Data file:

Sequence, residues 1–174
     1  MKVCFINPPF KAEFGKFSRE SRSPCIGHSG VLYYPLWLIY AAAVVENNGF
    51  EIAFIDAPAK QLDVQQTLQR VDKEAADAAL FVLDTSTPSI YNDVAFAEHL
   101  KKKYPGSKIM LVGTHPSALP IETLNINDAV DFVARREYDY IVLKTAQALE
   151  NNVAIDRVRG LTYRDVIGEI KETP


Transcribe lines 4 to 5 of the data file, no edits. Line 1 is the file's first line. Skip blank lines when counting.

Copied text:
   101  KKKYPGSKIM LVGTHPSALP IETLNINDAV DFVARREYDY IVLKTAQALE
   151  NNVAIDRVRG LTYRDVIGEI KETP